The key difference between experimental and quasi-experimental designs is the concept of randomization. If participants are assigned to control and experimental groups randomly, the research design is experimental. Non-random group assignment yields a quasi-experimental research design. True experimental research is considered the gold standard of research by many researchers, because random group assignment leads to optimal internal validity. In situations where random group assignment is not possible or ethical, quasi-experimental designs offer an alternative that allows the research to continue and still produce valid results.

Almost no SoTL qualifies as truly experimental in nature due to inherent ethical and logistical characteristics of SoTL that makes this type of research difficult to conduct (e.g., true randomization). One of the most common quasi-experimental designs for SoTL research is the pre-test/post-test with no control group design.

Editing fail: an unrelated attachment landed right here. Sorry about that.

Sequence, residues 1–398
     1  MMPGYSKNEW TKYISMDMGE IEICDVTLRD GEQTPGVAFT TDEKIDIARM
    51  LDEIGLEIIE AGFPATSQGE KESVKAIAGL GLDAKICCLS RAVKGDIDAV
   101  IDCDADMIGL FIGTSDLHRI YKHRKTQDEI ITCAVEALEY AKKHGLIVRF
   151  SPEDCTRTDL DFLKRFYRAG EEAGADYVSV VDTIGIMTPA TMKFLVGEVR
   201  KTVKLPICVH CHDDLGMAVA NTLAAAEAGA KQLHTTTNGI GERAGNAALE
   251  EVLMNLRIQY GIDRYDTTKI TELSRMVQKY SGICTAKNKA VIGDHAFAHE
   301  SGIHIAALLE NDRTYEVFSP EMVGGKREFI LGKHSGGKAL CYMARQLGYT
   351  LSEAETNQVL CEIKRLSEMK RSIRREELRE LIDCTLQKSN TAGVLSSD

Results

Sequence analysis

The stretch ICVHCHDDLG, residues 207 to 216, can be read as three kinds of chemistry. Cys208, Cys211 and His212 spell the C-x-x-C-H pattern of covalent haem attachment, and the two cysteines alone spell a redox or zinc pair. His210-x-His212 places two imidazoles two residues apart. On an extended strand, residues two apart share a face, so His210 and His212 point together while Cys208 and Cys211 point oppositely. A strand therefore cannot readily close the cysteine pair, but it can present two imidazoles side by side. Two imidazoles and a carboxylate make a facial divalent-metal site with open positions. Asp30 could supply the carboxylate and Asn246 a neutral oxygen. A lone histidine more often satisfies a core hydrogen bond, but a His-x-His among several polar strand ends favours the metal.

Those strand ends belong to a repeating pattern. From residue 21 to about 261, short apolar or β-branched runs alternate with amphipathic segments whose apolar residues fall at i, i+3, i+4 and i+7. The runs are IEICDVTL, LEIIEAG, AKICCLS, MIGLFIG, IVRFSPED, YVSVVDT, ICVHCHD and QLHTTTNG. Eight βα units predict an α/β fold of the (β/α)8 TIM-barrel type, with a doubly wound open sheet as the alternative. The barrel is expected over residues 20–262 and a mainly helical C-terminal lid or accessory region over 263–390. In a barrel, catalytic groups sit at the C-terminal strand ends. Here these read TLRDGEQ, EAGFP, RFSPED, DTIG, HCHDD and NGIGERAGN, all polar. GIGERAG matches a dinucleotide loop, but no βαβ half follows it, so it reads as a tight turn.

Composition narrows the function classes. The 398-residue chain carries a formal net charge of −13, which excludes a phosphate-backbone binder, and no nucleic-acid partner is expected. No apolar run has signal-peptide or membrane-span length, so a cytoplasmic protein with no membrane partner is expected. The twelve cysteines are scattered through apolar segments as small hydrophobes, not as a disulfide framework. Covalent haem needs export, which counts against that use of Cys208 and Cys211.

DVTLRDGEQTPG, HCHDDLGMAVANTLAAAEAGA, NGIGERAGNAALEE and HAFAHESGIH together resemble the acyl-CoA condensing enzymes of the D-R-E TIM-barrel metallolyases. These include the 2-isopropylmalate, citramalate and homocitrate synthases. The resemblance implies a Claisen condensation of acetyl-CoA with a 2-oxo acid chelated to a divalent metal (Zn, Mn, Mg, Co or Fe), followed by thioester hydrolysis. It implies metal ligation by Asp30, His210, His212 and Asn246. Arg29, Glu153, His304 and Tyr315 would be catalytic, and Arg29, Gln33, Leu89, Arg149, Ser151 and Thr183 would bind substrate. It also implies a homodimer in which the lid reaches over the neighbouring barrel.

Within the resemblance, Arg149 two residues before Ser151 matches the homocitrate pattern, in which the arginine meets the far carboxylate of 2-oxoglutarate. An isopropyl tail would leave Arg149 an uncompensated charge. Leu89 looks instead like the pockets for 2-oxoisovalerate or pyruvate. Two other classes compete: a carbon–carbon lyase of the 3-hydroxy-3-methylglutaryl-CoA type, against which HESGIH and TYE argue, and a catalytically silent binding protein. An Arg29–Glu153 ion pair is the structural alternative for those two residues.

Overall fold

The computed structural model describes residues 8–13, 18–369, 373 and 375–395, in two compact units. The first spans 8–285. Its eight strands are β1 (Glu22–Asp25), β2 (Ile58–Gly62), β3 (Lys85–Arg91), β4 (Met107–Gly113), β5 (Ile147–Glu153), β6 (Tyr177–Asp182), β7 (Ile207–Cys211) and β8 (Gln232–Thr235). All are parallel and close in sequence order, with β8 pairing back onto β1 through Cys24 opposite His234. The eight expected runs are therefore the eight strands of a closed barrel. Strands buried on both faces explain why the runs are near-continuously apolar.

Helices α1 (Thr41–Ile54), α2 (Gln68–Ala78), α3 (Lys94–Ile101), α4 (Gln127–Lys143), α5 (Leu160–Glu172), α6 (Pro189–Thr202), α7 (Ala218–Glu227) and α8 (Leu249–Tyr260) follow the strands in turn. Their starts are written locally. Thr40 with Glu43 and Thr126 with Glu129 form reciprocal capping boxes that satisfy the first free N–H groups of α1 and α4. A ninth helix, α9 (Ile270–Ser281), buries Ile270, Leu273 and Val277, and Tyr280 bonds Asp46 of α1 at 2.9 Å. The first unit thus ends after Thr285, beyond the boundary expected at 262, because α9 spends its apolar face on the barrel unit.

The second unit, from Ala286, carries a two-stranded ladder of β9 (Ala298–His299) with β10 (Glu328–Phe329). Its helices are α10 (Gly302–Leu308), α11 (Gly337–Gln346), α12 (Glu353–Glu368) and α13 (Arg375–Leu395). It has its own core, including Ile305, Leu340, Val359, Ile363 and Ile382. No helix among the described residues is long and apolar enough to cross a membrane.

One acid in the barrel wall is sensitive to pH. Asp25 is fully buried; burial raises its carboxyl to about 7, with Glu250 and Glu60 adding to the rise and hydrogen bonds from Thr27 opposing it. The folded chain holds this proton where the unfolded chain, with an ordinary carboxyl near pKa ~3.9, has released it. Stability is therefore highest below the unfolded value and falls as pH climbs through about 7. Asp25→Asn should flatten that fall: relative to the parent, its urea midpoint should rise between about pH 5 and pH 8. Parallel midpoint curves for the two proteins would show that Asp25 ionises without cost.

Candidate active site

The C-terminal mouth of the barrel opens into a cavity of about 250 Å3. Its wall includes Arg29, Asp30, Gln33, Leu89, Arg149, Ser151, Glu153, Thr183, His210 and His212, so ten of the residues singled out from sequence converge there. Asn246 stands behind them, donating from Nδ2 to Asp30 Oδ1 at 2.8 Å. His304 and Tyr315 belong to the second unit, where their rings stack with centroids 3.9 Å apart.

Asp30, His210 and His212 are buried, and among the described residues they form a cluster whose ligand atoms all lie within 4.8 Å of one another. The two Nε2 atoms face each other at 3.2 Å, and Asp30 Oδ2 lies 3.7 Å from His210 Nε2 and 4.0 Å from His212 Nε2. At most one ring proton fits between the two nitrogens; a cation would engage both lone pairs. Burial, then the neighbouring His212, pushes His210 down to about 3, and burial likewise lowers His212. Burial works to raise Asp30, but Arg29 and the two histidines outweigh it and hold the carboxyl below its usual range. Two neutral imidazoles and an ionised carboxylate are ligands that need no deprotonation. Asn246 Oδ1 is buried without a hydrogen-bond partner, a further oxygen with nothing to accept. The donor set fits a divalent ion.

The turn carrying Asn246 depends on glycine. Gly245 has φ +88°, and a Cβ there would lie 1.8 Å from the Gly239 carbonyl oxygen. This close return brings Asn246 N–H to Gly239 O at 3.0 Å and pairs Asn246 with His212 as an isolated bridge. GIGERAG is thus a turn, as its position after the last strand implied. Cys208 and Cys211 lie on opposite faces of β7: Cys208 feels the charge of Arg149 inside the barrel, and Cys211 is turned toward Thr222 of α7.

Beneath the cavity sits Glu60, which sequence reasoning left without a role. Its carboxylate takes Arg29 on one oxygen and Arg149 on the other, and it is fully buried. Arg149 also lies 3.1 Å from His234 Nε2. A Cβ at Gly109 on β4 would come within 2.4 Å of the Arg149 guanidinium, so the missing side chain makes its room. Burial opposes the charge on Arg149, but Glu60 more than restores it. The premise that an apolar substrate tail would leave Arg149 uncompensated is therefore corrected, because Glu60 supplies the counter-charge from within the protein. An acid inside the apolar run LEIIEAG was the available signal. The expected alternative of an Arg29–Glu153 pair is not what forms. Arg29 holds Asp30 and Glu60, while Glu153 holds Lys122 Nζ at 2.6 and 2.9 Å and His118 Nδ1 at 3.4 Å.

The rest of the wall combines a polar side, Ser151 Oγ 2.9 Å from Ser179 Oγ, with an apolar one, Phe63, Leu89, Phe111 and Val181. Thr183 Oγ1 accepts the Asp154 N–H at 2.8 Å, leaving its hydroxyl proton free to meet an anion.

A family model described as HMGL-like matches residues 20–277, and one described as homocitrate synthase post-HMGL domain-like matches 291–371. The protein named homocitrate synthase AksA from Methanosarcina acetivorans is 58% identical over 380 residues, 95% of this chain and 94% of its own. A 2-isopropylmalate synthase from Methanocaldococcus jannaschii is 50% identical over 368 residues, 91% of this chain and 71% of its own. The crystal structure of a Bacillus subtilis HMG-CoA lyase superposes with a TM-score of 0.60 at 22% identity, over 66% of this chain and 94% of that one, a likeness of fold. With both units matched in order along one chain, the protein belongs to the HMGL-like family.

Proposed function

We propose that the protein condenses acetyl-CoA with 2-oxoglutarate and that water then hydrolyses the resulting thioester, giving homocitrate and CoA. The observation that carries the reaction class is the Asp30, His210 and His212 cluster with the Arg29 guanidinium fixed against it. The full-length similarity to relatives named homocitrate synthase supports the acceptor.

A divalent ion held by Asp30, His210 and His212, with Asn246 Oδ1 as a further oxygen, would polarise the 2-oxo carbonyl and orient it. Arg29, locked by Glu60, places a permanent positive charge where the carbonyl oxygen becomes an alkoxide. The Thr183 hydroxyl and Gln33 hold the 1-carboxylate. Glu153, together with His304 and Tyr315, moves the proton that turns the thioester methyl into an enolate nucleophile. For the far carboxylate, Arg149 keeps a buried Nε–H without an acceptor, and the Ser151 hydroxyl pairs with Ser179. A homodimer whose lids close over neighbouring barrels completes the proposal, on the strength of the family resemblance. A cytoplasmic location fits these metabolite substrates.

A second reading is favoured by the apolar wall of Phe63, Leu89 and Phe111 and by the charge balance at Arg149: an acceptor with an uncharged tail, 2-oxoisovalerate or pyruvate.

Exemplar SoTL Projects
  • Does the use of simulated patients help nursing students improve observational skills?
  • Do architecture students who initially design structures by hand understand the concept of space more deeply?
  • Do history students exposed to guided reading demonstrate a deeper understanding of historical imagination?
Qualitative Analysis Options Experimental and quasi-experimental designs may yield data that is descriptive (e.g., surveys, interviews, observations) that require qualitative analyses. Similar to information provided above for descriptive research, any qualitative data will need to be further analyzed for themes, categories, or patterns.

Common qualitative approaches to data analysis in SoTL include: case study, action research processes, analytic induction, ethnography, comparative analysis, frame analysis, grounded theory, and interpretive phenomenology, among others.